As a politician, Laila Harre was famous for keeping her focus on the things that really mattered. She applied the same resolve to staying alive when she was diagnosed with breast cancer
Former Cabinet minister and firebrand Laila Harre was one of those politicians who always seemed to know what she wanted and had a plan to get there.
So when she was diagnosed with breast cancer last year at the age of 45, she knew exactly what she wanted to do.
Not only would she have her right breast removed, as recommended by her surgeon, she would get the other one taken off too.
Her mother was 48 when she was diagnosed with breast cancer and she died of it 14 years later.
"I kind of always had a plan for what I would do if I was diagnosed with breast cancer," Harre says.
"It was a really easy decision for me to make and it was absolutely focused on maximum reduction of risk."
Harre has been out of Parliament since 2002 when, after just one term in coalition Government with Labour, the Alliance split in spectacular fashion from its founder leader Jim Anderton.
She counts paid parental leave, Kiwibank and improving conditions for collective bargaining as major features of the Alliance's legacy.
Since then she has worked for the Nurses Organisation, the National Distribution Union, the Auckland Transition Agency and the International Labour Organisation (ILO).
A few weeks ago, she started work for the Green Party in Auckland as issues director.
Thanks to reconstruction surgery, she also has a set of plump new breasts - slightly larger than before, though minus nipples.
Harre was sitting in a car with husband Barry Gribben at Treble Cone skifield near Wanaka when she got the confirmation she had cancer.
She had asked that the results be held until the end of a scheduled family skiing holiday, a trip that was all the more precious because she had been working overseas at the time, in Fiji, and squeezing trips back home every six weeks or so.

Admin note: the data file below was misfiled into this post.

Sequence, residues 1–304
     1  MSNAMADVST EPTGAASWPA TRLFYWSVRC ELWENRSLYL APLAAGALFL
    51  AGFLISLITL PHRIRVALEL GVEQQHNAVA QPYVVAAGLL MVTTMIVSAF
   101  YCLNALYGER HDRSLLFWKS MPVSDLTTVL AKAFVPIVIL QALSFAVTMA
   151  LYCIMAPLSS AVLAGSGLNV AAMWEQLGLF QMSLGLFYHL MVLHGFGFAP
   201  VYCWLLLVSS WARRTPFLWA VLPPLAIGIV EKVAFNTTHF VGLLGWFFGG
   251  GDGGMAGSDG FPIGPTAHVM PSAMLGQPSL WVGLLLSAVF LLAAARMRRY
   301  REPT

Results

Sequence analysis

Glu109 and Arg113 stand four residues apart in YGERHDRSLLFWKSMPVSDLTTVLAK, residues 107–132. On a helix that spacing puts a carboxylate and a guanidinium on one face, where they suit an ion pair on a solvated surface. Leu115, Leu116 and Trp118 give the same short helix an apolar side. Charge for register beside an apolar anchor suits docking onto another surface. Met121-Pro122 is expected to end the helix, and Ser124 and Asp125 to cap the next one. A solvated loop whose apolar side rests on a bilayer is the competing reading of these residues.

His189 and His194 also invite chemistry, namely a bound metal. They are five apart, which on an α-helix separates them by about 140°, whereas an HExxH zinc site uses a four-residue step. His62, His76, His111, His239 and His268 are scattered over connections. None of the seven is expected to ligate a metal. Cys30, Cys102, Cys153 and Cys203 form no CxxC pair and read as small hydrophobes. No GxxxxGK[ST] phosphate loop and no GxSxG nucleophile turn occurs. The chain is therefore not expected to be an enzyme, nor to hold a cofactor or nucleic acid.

The time between the confirmation of the cancer and the operation was 13 days.
She was given the all-clear earlier this year and says she has a great prognosis.
Breast reconstruction was done at the same time as the double mastectomy.
Sometimes surgeons use a patient's own body tissue but she didn't have enough to spare - "one of the downsides of staying trim and fit" (she ran a sub-four-hour marathon at Rotorua a few weeks ago).
She was fitted with what are called "expander implants" made of silicone and "ports" on either side of the breasts through which saline is injected over several months, as the natural muscle covering the implants expands. Then the ports are removed.
"There were a few moments of mirth, such as when I was being asked what size implants I wanted and I said I would like the same size as before and he [the surgeon] said, 'We don't make them that small.'
"There could certainly be a market in smaller breast implants, so my breasts are slightly bigger than they were but I opted for the least change possible."
Harre says she is getting used to them. They don't feel completely natural but she is very happy with them.
But can she feel them or would she feel it if she pricked herself with a pin?
"If I was to prick myself with a pin there might be a silicone disaster. I don't think I'll experiment with that."
She says she would have had every confidence in the public system but had the operation at Brightside Hospital, taking advantage of the private health insurance that was part of her employment package with the ILO in Suva, a job she started in 2010.
For some people such operations can be traumatic and change their attitude to life.
"The way I dealt with it was to get through each point and not let it change my life."
She concedes it has changed some things. All other things being equal, were it not for the cancer she would probably still be working in Suva, a place she calls her first home.
She spent what she calls "an idyllic childhood" living there while her father worked as an anthropologist at the University of the South Pacific.
Had she stayed she could have begun a career with the ILO with further international postings but she chose to return home to Auckland to be closer to Barry and their two sons.